Usually a Pro Tour teaches us a bit more about a Limited format. However, given that Dominaria has been around for quite some time, this one didn’t provide all that much insight.
One thing that this Pro Tour demonstrated for this Limited format is how amazing it is. Some teams avoided white like it was the plague, while others enjoyed the strategy of white two-drop-based aggressive strategies. Some teams had Saprolings as the best archetype, while others had Wizards. And Sam Black played a deck with three copies of Navigator’s Compass, even though a variety of players deemed the card unplayable. The sheer quantity of approaches you can take to Dominaria Limited may be unparalleled, so let’s see where this draft takes us!
Pack 1, Pick 1
This pack has some very good options to start off the draft. First and foremost, I think Shivan Fire is better than Squee, the Immortal. While Squee can be a nuisance, it’s not all that great. It’s not too far behind Shivan Fire, but I would rather take an efficient removal spell over the card.
After understanding that Shivan Fire is a better pick, it’s good to compare all the removal spells we can take here. So what’s better, Shivan Fire or Eviscerate?
I can see logic for either card here, but I’m on Shivan Fire. There aren’t all that many five-toughness cards, so the kicked mode of Shivan Fire isn’t much worse than Eviscerate. I think the option of being Shock puts Shivan Fire ahead, as it’s one of the few answers to an early Llanowar Elves or other aggressive starts.
This means the real decision is between Sporecrown Thallid and Shivan Fire. I think this pick is quite close, but I would rather start off my draft with the card with the higher ceiling. While Sporecrown Thallid isn’t great in every deck, it’s rarely embarrassing and sometimes it’s a must-kill-threat. And starting off the draft with the card means I can prioritize the cards that make it potent such as Yavimaya Sapherd.
Pack 1, Pick 2
The Picks So Far:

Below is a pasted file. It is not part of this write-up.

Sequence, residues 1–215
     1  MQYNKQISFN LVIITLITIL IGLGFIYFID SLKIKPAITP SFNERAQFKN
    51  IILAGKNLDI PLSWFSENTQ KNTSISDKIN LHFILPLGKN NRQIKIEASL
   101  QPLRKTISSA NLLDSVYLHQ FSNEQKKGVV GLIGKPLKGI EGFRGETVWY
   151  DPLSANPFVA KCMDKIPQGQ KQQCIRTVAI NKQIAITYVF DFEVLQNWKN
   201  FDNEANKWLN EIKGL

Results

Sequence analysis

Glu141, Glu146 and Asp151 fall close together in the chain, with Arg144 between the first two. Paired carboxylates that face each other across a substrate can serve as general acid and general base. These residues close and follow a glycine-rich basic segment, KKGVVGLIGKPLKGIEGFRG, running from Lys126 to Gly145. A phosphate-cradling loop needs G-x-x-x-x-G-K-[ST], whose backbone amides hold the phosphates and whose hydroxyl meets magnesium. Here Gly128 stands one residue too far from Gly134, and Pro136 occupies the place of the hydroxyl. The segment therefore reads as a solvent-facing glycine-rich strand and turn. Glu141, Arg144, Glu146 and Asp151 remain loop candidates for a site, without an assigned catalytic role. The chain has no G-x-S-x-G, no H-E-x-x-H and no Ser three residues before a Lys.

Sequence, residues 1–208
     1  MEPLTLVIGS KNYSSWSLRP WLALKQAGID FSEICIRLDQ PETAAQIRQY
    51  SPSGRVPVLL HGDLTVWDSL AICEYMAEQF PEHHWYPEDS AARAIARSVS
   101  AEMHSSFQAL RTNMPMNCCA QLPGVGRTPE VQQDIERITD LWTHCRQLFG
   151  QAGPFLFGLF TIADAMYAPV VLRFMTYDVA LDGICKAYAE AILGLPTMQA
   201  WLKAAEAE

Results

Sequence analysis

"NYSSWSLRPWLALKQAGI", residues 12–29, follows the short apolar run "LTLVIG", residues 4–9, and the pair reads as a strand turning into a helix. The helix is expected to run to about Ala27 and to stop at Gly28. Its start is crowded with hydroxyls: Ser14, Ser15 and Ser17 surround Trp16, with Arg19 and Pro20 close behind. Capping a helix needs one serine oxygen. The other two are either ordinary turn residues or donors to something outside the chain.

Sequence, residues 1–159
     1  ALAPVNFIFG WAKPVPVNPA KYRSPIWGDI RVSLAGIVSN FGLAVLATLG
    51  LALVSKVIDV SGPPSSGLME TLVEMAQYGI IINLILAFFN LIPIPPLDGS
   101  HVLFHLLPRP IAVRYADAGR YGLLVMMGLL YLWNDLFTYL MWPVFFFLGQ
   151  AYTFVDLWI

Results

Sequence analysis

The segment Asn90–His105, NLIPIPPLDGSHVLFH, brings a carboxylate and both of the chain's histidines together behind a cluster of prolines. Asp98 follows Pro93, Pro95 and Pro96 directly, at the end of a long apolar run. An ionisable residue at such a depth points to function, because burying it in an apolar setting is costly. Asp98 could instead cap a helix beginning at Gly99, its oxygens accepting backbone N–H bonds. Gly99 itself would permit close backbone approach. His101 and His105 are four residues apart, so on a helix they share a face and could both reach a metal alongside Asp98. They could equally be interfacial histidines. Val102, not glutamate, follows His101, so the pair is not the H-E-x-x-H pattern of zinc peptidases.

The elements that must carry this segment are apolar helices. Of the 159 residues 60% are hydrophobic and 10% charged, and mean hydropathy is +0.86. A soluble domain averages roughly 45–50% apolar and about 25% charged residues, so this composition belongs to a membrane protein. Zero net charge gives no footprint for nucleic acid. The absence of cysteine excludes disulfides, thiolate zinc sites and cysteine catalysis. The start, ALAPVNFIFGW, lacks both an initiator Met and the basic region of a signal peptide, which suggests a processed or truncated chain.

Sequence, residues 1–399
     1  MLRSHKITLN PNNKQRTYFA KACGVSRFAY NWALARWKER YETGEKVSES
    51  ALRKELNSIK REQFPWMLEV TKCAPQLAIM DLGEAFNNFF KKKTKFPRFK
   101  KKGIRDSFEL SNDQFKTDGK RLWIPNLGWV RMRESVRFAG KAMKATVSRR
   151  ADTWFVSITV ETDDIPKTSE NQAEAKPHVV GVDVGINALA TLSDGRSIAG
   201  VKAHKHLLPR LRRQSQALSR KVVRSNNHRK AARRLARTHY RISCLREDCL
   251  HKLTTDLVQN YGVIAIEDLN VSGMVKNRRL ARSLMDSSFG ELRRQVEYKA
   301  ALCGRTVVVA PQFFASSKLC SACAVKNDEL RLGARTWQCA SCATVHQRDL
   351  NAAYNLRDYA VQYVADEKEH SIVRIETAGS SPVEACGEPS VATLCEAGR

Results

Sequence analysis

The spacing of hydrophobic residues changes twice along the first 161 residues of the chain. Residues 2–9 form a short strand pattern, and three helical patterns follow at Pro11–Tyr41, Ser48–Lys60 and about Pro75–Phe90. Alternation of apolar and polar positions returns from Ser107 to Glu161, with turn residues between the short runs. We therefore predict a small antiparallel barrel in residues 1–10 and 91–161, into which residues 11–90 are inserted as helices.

Wow, this pack has a wide array of options, so let’s eliminate some of them to make the decision easier.
Between Time of Ice and Blink of an Eye, I believe I would go with Time of Ice, but I do think this pick is close. In U/B Control decks that look to loop Sagas and tempo-oriented blue decks such as U/W Flyers and U/R Wizards (the more aggressive version), Time of Ice can be one of your best cards. However, there are blue decks that don’t care for the card all that much, while every single blue deck is happy to run pretty much any amount of copies of Blink of an Eye. This early in the draft, per the logic expressed in the previous pick, I like taking cards I can maximize, which is why I’m leaning towards Time of Ice.
Between Grow from the Ashes and Yavimaya Sapherd, I think it would be a clear Sapherd. It’s one of the best curves with our first pick, and given the lack of quality three-drop creatures in this format, it’s just a great card for your curve. I consider Grow from the Ashes quite overrated. While it lets you splash around and do powerful things, I’m afraid to play a deck that has too much air, as you become prone to flooding.
Thallid Omnivore and Shanna, Sisay’s Legacy are similar cards to consider pairing with Sporecrown Thallid. While I think Shanna is both less replaceable and more powerful than Thallid Omnivore, I think the B/G archetype is better than the W/G archetype. Overall, I think this pick comes down to preferences, and I would probably lean towards Shanna this early in the draft because I have also found it a reasonable splash in the Saproling deck.
The pick has narrowed down to Yavimaya Sapherd, Time of Ice, and Shanna. The safe pick is Yavimaya Sapherd, but my preference for blue decks in this format is my reason for taking Time of Ice. I think taking either Shanna or Yavimaya Sapherd is acting a bit too married to your first pick. Time of Ice is the most powerful card in this pack, and it’s also in the best color. Early in the draft, it’s good to stay open and just take the best card, which is what I’m going to do here.